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Beware of Tom Daschle.


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When John Ashcroft was nominated for attorney general, his political enemies spent a lot of time mocking him for belonging to a denomination that does not allow its members to engage in dancing. Since taking office, Mr. Ashcroft has done absolutely nothing to infringe upon the rights of people who like to dance. Tom Daschle, however, is now pushing legislation that could send dance promoters to federal prison for up to 20 years. Daschle’s anti-dancing legislation is a mean-spirited assault on youth culture, and an extreme violation of principles of federalism.

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Last year, there was a big push in Congress to enact the so-called “RAVE Act,” sponsored by Rep. Lamar Smith (D., Tex.) as H.R. 5519 and in the Senate by Joseph Biden (D., Del.). Both lead sponsors were very forthright; the very title of the bill announced its intention to go after “raves” — dance parties popular with Generations X and Y.

But the “RAVE Act” aroused enormous opposition, so much so that the Senate Judiciary chairman withdrew his co-sponsorship of the bill.

This year, the same act is back; but this time it’s concealed deep within an immense, omnibus bill sponsored by Tom Daschle — the so-called “Justice Enhancement and Domestic Security Act of 2003″ (S. 22). That Act includes some antiterrorist measures which are important and which ought to be debated in separate bills (for instance, authorizing military tribunals for al Qaeda warriors).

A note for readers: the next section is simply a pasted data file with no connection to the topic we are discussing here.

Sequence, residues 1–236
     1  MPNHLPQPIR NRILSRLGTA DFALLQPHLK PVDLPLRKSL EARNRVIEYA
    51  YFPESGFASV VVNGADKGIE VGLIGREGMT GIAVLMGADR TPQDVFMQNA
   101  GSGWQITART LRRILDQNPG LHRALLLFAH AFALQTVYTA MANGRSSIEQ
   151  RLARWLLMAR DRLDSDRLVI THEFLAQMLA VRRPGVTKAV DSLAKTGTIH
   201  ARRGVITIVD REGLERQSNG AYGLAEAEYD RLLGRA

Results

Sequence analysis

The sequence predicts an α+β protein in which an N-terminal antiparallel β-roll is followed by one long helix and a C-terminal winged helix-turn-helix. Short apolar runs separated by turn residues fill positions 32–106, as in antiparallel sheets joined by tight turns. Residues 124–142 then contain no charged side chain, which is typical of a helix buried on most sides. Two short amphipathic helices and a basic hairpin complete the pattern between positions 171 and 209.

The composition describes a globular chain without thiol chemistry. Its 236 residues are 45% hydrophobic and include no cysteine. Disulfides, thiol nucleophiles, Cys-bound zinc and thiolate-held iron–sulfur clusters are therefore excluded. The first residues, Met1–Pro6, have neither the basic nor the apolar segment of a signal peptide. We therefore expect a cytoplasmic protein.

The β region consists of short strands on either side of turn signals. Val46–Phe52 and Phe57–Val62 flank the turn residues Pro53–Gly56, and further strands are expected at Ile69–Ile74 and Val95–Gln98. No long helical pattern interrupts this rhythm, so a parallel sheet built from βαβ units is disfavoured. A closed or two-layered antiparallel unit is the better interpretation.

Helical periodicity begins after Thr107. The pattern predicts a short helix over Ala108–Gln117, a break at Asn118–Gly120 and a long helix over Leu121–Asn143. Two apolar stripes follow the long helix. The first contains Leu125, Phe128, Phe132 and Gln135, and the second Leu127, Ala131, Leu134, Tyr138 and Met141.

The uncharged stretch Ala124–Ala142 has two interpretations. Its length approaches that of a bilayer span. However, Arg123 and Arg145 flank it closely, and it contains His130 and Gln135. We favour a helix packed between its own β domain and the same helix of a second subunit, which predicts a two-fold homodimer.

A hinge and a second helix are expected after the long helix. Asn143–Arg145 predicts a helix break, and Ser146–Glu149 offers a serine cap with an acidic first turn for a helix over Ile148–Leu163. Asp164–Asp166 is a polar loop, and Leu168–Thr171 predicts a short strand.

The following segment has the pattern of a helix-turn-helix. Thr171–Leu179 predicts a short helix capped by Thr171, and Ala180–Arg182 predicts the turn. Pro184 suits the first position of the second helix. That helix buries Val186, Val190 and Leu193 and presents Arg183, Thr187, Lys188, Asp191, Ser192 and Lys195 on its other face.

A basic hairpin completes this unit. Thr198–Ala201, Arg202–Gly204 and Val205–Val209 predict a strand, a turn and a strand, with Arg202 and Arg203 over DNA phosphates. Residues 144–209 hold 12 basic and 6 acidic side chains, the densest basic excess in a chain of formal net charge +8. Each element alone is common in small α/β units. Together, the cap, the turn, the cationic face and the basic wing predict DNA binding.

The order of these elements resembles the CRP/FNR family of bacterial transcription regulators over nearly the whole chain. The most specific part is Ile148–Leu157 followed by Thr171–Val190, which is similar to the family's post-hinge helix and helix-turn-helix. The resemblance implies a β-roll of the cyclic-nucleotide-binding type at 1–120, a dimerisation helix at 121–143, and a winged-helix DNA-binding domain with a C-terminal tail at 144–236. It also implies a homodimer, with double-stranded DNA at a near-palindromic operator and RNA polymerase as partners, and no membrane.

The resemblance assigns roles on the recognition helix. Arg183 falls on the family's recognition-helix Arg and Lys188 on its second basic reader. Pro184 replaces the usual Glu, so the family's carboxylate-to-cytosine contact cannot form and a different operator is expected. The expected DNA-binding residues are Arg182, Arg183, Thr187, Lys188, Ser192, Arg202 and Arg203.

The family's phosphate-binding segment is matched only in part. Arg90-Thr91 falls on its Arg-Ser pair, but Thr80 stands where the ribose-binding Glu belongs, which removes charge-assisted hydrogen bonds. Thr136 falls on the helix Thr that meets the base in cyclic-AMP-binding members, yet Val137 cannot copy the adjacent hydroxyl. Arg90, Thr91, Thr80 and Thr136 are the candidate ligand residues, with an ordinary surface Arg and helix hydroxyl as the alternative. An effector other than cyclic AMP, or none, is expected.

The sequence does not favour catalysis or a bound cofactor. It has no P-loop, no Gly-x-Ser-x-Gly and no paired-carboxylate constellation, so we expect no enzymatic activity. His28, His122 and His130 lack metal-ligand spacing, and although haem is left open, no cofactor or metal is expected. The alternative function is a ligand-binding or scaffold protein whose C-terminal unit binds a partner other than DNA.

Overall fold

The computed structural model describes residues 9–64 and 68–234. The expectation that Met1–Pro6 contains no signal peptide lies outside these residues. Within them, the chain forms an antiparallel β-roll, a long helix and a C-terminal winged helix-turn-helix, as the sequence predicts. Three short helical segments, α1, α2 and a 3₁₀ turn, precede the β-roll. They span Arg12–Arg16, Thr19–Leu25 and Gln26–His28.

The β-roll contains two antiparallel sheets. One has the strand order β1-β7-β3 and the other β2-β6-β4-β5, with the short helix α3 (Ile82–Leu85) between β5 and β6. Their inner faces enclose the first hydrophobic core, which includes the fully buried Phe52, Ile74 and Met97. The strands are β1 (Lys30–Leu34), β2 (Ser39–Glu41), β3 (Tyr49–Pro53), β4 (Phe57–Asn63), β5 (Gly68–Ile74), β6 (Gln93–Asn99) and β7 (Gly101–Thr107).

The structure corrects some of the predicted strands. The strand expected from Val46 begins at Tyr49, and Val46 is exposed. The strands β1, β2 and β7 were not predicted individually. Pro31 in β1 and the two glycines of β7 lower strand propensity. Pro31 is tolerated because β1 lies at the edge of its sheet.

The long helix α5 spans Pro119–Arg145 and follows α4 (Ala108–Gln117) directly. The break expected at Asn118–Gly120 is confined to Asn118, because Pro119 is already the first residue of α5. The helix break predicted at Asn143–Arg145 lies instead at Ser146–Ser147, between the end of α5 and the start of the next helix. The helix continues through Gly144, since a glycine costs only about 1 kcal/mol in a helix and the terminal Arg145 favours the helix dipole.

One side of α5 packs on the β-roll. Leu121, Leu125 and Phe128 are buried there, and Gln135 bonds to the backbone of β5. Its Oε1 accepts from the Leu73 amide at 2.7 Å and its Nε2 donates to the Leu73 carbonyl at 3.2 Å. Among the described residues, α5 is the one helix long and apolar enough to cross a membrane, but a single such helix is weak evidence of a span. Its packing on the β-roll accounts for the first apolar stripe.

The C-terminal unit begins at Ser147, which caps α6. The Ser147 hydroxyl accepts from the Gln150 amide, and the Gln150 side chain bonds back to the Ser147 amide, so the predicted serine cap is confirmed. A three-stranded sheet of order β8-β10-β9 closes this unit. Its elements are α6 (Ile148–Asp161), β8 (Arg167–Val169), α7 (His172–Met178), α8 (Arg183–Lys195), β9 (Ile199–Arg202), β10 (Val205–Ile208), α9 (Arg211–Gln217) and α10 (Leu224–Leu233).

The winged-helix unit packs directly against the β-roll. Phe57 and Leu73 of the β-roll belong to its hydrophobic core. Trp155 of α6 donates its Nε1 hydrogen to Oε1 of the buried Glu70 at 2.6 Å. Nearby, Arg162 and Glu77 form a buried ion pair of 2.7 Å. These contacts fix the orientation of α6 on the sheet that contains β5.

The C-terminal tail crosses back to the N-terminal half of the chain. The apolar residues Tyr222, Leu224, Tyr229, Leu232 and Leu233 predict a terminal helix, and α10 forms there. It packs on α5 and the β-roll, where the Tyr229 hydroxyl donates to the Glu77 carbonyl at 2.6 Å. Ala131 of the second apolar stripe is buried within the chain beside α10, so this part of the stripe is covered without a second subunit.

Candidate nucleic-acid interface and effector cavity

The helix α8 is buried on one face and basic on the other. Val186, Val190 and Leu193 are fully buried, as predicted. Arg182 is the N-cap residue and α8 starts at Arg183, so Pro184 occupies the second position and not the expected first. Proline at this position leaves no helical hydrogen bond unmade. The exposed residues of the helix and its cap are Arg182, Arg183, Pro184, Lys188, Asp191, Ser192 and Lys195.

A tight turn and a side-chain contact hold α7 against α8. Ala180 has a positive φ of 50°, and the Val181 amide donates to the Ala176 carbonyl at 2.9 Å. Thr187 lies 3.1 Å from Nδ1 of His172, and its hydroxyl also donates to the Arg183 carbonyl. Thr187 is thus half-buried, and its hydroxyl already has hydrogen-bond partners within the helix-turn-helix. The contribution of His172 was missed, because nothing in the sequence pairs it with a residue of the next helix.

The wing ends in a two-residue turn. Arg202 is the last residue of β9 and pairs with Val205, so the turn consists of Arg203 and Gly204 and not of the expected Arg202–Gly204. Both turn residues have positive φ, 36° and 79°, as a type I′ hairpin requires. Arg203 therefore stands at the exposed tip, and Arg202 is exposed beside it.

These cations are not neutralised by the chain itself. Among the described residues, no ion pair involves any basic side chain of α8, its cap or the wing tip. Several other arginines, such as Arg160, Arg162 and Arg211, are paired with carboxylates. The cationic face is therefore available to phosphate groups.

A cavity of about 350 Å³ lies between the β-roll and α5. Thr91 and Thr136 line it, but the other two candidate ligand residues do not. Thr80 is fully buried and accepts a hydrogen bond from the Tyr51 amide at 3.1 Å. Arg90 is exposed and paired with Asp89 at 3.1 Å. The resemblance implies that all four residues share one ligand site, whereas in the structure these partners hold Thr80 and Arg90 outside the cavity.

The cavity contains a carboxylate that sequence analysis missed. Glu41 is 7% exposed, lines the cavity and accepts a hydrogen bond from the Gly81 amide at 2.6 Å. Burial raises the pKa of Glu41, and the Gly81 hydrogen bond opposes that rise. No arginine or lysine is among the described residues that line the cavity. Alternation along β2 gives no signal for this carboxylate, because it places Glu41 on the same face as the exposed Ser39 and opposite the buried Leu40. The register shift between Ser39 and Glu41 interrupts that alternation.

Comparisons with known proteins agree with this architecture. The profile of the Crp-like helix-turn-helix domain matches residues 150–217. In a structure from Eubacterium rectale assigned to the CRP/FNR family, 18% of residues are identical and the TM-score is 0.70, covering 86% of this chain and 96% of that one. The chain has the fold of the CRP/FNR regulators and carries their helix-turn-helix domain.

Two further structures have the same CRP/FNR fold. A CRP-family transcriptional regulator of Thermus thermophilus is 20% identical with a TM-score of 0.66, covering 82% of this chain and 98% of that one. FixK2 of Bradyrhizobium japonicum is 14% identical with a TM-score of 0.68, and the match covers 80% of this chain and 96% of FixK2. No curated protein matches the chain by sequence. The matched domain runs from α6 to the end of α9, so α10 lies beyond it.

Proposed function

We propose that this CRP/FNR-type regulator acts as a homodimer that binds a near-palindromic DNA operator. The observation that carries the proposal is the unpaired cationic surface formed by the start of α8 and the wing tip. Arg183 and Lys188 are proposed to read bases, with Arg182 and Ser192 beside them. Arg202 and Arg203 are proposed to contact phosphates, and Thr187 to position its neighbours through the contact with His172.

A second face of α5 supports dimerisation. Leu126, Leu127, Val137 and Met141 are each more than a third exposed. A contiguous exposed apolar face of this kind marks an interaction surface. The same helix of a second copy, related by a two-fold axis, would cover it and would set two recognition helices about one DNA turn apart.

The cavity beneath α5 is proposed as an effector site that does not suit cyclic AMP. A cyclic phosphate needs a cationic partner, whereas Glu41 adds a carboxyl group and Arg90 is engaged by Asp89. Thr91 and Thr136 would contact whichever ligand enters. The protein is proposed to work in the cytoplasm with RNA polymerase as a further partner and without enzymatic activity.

But S. 22 is also larded with numerous anti-civil-liberties proposals, including ballistics testing for all new firearms, and anti-gun-show language making gun shows presumptively illegal except when authorized by the Bureau of Alcohol, Tobacco and Firearms. Daschle’s S. 22 is the contemporary version of the 1994 Clinton crime bill, a bloviated monster that was far too large for either Congress or citizens to be able to understand its contents.

And the “RAVE Act” reappears too — only this time, the word “RAVE” never appears in a title. Rather, the “RAVE Act” language is found in sections 5131-36, under the misleading title “Crack House Statute Amendments.”

The Daschle bill extends the federal “crackhouse law” — which makes it illegal to maintain a building for purposes of drug consumption — to cover musical performances and other events of a temporary nature, and to make liable even those who make their premises available at no charge. The idea is to make the promoters of musical events liable for drug consumption at those events — even when the consumption is entirely incidental, and has nothing to do with any action by the promoters. The legislation is, in effect, an admission of failure by the Drug Enforcement Agency: Unable to control drug use, it’s looking to force concert promoters and theaters to do it, on pain of imprisonment.

As amended by Daschle, the “crackhouse law” would make it a 20-year federal felony to “manage or control any place, whether permanently or temporarily, either as an owner, lessee, agent, employee, occupant, or mortgagee, and knowingly and intentionally rent, lease, profit from, or make available for use, with or without compensation, the place for the purpose of unlawfully manufacturing, storing, distributing, or using a controlled substance.”

This language is broad enough to encompass not only rave promoters and disc jockeys, but also bar owners, hotel or motel owners, concert promoters, tour bus or cruise ship operators — and even home owners. Literally read, the statute would even apply to a homeowner whose teenagers occasionally smoked marijuana on the property.